The Government of India thus released early guidelines in March 2020 for the handling of biomedical waste in hospitals and quarantine areas (including households). These were revised four times by July 2020 to streamline on-the ground operations and interventions on biomedical waste.
As for the interventions led by UN-Habitat on WASH and solid waste management, she introduced the cases in which UN-Habitat provides technical and advisory support for project formulation, preparation of project documents, and implementation support. These include landfill remediation in Vijayawada, which adopted the Fukuoka method; Flower Waste Recycling in Vijayawada and Guntur, which collects 30 tonnes of flower waste generated per month on average that is dumped into a landfill, managed, and recycled into eco-products, and create local jobs, as well as ‘Zero Waste Wards’, which include COVID-19 responses.
〇Mr. Juan Torres, Information Management Officer for UN-Habitat Lao PDR Office
He presented the COVID-19 vulnerability mapping model for Lao PDR. The variables applied to the Vulnerability Assessment model are: 1) population density, 2) settlement connectivity,
3) socioeconomic factors, 4) migration and 5) access to healthcare services. The Lao PDR office worked out a Vulnerability Index and identified a detailed location of the potential most vulnerable areas in the country, with a spatial analysis with GIS software. They then found that besides the 4 main cities of Lao PDR, almost 50% of the total population were in urban areas or these emerging towns. In these areas, many people still using unimproved water sources. More than 20% of the household spent more than 30 minutes a day collecting water. 10% of the households do not have a handwashing facility in their dwelling. 46% of those who have access to handwashing facilities, do not have water or soap. In Lao PDR, though people may be informed about the Covid-19 pandemic, they need access to WASH facilities to be able to apply basic protection measures. He highlighted that there is a long way ahead but if governments, international organizations, civil society, and the private sector work together, we will be able to provide water and sanitation to a larger number of people and reduce the existing gaps. The Lao PDR office supported 6 quarantine centers in 4 of the most vulnerable provinces by constructing and rehabilitating WASH infrastructure there and by providing Information, Education, and communication Materials to the returning migrants.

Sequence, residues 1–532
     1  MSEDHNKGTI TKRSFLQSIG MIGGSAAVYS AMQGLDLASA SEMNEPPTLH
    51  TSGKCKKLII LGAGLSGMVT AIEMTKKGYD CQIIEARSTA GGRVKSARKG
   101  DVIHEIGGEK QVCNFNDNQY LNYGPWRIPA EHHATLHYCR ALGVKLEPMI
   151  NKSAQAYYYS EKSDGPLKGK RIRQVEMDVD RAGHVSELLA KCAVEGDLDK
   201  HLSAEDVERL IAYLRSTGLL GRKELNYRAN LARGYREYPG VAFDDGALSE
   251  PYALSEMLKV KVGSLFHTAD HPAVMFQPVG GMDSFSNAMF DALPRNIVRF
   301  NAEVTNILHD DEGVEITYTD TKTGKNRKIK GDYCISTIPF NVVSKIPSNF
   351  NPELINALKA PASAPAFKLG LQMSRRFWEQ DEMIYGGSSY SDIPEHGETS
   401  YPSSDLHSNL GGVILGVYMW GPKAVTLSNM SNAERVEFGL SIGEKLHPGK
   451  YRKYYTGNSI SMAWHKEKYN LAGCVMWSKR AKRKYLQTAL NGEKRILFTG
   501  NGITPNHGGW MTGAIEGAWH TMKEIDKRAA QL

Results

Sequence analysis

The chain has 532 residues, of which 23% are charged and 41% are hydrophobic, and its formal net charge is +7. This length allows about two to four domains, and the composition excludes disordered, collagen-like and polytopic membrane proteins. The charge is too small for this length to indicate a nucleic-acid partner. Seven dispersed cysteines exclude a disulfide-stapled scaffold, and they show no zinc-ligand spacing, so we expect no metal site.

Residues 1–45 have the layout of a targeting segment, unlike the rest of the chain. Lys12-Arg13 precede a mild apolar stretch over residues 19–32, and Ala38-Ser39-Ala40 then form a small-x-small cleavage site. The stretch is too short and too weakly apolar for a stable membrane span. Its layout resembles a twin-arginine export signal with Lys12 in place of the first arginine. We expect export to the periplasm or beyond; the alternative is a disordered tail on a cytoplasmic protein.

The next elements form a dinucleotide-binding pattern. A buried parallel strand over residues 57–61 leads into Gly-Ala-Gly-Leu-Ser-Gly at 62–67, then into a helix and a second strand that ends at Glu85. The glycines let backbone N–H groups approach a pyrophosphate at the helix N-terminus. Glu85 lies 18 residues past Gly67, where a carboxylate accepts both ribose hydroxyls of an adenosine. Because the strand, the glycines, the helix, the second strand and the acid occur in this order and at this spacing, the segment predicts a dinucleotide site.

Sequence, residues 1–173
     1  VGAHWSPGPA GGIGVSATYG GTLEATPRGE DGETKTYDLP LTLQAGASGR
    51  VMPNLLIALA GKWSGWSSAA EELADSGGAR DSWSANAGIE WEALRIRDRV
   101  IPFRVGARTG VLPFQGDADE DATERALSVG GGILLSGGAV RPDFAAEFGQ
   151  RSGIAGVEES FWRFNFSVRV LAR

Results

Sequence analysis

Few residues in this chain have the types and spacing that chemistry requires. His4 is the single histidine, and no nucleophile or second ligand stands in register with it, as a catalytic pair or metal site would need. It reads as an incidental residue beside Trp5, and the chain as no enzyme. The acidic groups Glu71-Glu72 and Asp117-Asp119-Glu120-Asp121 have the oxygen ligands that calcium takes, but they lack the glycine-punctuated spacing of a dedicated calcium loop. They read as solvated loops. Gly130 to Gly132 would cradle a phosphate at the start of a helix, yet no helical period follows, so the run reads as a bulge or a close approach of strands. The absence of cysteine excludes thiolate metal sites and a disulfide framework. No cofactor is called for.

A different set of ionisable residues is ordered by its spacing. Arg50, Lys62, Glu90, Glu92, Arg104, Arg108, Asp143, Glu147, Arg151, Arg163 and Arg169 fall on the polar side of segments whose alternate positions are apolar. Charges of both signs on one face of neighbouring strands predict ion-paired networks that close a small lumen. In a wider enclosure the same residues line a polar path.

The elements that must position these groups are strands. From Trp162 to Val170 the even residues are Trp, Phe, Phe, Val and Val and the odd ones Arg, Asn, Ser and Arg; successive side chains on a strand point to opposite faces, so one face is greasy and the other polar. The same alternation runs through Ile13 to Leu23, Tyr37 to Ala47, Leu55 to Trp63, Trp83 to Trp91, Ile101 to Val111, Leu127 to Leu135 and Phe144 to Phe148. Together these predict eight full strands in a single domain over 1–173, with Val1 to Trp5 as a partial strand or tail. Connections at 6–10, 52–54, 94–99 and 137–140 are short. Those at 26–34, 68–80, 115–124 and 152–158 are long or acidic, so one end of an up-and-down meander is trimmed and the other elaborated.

〇Ms. Oddy Angel, the Programme Coordinator of Community-driven Development Unit for Myanmar
She shared her office’s efforts to bridge the data gap for effective COVID-19 response in informal settlements in Myanmar. In Myanmar, 70% of COVID-19 cases occur in the Yangon Region with 77% of those cases occurring in Yangon city. 400,000 people (8500 households, 8% of Yangon’s total population) are living in the informal settlement of Yangon. Lack of access to accurate and updated information, truncated access to water, hygiene, health care services, and the risk of income loss due to mobility restrictions and temporary suspension of business activities compound the inability of the urban poor living in informal settlements in Yangon to effectively tackle the COVID-19 pandemic.
Glaring gaps in data on informal settlements, especially related to access to health and access to WASH facilities, impair the government’s ability to make informed response plans.
To deal with these challenges, the UN-HABITAT surveyed the income, water, sanitation, wastewater access, and hygiene awareness to 1,680 households residing in informal settlements of Yangon, and has provided support in line with the needs, including, installing handwashing stations at strategic locations in informal settlements; targeting supply of basic needs to vulnerable communities including access to water; and ensuring adequate access to water, soap, and sanitation facilities for the homeless.
The presentation document and recording:
(Reported: Yumiko Asayama, Manager)